The span is years late. It has been in the planning, engineering, environmental permitting and construction phases for more than 10 years. Since early in the decade, I'd long been asking former City Engineer Phil Grubstick for a start date on the bridge, which was part of the 1996 General Plan and long a priority of the City Council. Grubstick retired several years ago, not because of my persistent questions, I hope, but still without answers. He was as baffled as city planners over the large numbers of environmental agencies that had to give permission for Pleasanton to build the bridge and by the constantly escalating costs of construction at a time when steel and cement prices were soaring.
Even the water truck owner, whose name slips my mind, who lived with his extended family in an old house and several outbuildings at the northeast corner of Vineyard and Bernal wondered years later why the city had rushed through a check for about $1.2 million for his home and property. He used the money to expand his business on acreage purchased off Tassajara as bulldozers rushed in to tear down the house and much of the adjacent fence protecting the Vineyard Villa mobile home park. Then nothing, with the barren land serving as an unseemly sight for motorists passing through that edge of Pleasanton.
A review of the permitting process Grubstick and others endured all these years helps account for several million dollars of the cost of building the new span, which now gives motorists two lanes in each direction on this busy roadway. Storm water detention basins, wetlands protection, hydrologic analyses, endangered species habitat, "soil substrate at the bottom of the mitigation feature" are colorful if not bewildering terms used throughout hundreds of pages of scores of reports by outside consultants hired by the city to obtain permits from federal, regional, state and water agencies, all because bridge pylons would be placed at several places on both sides of the arroyo to support the bridge.
To meet the demands of some of these agencies, Pleasanton built a holding pond that is now part of a beautifully landscaped area on Laguna Creek Lane just south of the Valley Avenue traffic circle at the Union Pacific Railroad underpass. That's at least three miles from the new Bernal Bridge, but it satisfied the agencies that wanted to have a safe habitat for Arroyo Del Valle critters and other endangered species and plants that could be disturbed by bridge abutments and possibly more overhead traffic.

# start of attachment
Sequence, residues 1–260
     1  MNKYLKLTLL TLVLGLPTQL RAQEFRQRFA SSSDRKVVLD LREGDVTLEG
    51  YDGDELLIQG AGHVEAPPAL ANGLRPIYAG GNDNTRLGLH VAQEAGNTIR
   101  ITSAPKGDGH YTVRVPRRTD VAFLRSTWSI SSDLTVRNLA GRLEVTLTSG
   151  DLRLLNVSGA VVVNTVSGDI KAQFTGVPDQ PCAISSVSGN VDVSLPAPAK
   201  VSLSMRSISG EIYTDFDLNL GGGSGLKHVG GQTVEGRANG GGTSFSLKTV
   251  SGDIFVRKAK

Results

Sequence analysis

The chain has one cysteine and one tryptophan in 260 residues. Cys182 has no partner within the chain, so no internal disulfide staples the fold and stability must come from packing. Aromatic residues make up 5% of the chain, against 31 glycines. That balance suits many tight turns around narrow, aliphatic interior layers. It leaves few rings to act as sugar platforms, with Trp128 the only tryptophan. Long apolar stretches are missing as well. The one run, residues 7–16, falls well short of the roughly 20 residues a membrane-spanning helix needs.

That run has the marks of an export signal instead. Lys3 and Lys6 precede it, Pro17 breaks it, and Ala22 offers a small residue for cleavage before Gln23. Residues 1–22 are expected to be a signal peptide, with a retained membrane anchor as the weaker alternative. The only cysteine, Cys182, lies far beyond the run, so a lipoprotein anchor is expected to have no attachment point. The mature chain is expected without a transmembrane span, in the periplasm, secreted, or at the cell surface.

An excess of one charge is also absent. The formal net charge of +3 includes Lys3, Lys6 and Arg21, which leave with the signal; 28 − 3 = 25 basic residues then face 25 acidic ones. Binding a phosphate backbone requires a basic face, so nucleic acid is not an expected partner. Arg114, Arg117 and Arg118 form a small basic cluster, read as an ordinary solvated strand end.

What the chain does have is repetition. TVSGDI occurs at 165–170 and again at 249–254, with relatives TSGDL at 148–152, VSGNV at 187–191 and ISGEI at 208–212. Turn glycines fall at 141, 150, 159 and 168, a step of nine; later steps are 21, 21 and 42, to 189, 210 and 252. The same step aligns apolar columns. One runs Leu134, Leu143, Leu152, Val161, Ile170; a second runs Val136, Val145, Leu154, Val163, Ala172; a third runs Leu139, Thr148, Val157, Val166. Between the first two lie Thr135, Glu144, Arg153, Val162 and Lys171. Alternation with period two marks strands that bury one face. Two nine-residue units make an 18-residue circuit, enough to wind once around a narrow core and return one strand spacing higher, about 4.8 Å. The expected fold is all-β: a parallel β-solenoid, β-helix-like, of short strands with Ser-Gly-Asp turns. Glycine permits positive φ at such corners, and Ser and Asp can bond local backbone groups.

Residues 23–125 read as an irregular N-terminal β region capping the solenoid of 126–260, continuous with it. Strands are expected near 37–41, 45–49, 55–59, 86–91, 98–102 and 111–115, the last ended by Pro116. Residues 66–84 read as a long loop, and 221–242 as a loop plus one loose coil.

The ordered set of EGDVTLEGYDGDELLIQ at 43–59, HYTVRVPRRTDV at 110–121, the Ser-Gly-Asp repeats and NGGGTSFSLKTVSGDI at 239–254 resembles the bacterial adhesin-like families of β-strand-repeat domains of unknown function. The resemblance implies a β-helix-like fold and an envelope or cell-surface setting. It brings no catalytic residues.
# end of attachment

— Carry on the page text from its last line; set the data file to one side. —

With the new Bernal bridge offering better access from Stanley Boulevard to the residential areas of Vintage Hills and the Vineyard Corridor, including fire trucks from Station 1 next to the bridge, we can turn our attention to Bernal Bridge No. 2. This new span has been on the planning books even longer with increased automobile, pedestrian and bicycle traffic from mainline Pleasanton to the Foothill Road side of the Arroyo De la Laguna increasing so fast that a wider bridge was deemed necessary in the early 1990s. Many look at the artistic forged steel support cover of the bridge as worth duplicating, which the City Council authorized five years ago. At one time it was planned as a four-lane bridge, two lanes on each span.
But when costs soared past the $5-million mark, everyone backed off and now a simpler, one-lane design has been approved. Somewhat like the Division Street bridge that was built in the 1940s, the Arroyo De la Laguna structure will be "artsy," but no architectural match for the old bridge residents rave about.
With the design and environmental permits in hand, here's a bridge that is shovel ready except that the city has only $1 million of the $5 million it needs. Unless federal stimulus dollars head our way, this is a new much-needed bridge now facing an economic downturn and a recent City Council decision to lower its priority as a public project necessity. The good news is that when finally constructed, this will be the last bridge Pleasanton will ever have to build.